February 24, 2015
1 min read

Crushed cartilage–fibrin sealant graft reliable, effective for radix augmentation in Asian patients

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Researchers found a crushed cartilage–fibrin sealant graft to be a reliable and effective technique to stabilize grafts for radix augmentation in Asian patients.

In an observational study, the researchers analyzed the medical records of 51 Asian patients who underwent rhinoplasty with radix augmentation using the crushed cartilage–fibrin sealant combination between April 2011 and January 2013. Patients were followed-up for an average of 18.5 months.

Myeong Sang Yu, MD, PhD

Myeong Sang Yu

Using preoperative and postoperative photographs, two independent facial plastic surgeons rated the outcomes. A patient satisfaction survey was also administered by in-person interview at the final follow-up. Additionally, anthropometric measurements were taken, with increments of radix projection and nasofrontal angle measured electronically.

Postoperative outcomes were rated by the surgeons as excellent in 21 patients, good in 19 patients, fair in eight patients, and unchanged/poor in three patients.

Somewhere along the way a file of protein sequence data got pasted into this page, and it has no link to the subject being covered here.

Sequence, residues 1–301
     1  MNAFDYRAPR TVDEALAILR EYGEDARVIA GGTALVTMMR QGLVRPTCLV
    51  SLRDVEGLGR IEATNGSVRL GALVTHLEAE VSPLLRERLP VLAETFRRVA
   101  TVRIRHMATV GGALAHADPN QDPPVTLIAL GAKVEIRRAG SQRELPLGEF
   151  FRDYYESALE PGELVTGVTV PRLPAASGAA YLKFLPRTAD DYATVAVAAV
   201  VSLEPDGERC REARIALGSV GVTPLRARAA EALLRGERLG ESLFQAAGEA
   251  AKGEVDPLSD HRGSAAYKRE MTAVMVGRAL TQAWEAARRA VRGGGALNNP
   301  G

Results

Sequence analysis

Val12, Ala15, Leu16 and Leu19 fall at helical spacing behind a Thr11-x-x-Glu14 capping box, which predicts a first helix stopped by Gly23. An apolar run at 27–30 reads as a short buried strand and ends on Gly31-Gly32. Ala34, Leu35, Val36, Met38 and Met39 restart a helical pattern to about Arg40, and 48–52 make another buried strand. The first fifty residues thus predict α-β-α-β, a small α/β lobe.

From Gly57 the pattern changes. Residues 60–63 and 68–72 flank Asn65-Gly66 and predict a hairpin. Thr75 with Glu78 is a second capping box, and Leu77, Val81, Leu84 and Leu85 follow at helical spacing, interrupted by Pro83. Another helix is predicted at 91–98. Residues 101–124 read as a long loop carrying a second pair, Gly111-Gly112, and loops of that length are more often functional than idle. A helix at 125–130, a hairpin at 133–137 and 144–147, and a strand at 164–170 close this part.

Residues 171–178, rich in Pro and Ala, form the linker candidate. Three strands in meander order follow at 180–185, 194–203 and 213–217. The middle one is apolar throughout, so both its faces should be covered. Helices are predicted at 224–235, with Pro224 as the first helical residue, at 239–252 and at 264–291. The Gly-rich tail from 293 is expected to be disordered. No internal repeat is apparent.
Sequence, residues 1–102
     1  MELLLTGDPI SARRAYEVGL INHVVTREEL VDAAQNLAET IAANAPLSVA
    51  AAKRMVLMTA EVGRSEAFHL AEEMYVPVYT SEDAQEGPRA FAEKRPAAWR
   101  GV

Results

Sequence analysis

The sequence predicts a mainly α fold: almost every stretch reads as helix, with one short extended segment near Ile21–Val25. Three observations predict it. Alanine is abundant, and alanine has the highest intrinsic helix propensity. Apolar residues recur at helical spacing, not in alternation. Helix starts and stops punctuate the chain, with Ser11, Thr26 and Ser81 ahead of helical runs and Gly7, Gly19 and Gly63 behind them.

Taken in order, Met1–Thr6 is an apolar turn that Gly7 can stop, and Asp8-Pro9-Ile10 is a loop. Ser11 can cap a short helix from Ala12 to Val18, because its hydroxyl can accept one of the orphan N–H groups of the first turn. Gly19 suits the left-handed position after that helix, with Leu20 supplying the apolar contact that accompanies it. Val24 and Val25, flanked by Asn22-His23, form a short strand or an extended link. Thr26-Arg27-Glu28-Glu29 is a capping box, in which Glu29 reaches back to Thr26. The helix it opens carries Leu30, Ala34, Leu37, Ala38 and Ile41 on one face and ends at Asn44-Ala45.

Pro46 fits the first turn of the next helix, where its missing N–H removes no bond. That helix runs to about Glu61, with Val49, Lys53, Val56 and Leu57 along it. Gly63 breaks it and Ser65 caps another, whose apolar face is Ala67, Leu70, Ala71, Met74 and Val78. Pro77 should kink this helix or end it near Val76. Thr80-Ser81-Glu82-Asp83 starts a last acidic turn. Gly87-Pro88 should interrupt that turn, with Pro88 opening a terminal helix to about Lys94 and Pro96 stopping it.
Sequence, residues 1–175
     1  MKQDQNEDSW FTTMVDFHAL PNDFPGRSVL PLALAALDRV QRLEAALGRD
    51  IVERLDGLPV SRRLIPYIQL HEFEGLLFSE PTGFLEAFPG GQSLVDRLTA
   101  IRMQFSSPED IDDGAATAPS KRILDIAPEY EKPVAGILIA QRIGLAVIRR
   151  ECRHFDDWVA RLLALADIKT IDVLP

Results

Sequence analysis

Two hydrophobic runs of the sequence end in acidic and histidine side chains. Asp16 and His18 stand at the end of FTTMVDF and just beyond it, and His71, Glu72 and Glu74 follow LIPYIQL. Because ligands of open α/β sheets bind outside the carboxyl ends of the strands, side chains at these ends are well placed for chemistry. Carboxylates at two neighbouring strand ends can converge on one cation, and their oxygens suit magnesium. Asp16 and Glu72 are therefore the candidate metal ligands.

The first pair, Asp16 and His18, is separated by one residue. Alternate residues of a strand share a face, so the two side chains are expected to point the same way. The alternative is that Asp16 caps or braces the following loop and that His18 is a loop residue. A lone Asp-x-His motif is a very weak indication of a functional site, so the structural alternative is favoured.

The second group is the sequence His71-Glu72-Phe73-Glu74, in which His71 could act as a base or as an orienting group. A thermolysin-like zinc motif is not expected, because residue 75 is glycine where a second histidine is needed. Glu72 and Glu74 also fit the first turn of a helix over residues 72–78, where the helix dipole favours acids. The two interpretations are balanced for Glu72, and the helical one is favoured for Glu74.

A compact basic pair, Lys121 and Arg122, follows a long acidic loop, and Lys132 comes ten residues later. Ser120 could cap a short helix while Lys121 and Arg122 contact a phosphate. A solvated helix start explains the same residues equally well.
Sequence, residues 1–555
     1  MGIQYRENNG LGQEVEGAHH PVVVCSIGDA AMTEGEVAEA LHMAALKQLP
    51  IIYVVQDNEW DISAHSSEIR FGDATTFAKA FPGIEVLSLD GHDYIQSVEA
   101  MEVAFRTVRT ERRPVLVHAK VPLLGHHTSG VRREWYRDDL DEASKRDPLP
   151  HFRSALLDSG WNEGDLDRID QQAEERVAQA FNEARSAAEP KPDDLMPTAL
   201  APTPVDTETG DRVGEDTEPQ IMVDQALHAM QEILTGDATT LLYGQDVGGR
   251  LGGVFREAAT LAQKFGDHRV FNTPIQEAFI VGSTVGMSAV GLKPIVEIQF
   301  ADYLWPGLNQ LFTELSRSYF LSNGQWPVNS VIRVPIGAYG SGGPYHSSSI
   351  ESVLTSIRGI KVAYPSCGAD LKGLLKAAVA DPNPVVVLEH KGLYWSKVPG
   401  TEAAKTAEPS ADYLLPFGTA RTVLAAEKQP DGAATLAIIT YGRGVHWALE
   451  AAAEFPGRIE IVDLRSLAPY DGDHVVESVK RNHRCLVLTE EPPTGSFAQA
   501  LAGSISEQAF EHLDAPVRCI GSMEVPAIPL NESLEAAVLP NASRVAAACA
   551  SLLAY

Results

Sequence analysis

The patients rated the surgical outcomes as excellent in 23 patients, good in 17 patients, and fair in 10 patients. Only one patient rated an unchanged/poor outcome.

An overall increase in radix projection was observed postoperatively, and overall mean nasofacial angle was improved from 96.2° preoperatively to 107.7° postoperatively.

The researchers found acceptable complication rates, an improved nasofacial angle, increased radix projections and positive outcomes for most patients.

The fibrin sealant acted as a scaffold to carry and stabilize the crushed cartilage graft onto the nasal dorsum, which allowed for modification of the graft’s concordance with the nasal contour and aided in an improved facial appearance.

The researchers warned that the graft should only be applied in patients with thick skin if it is used anywhere in the dorsum other than the radix. – by Abigail Sutton

Disclosures: The researchers report no relevant financial disclosures.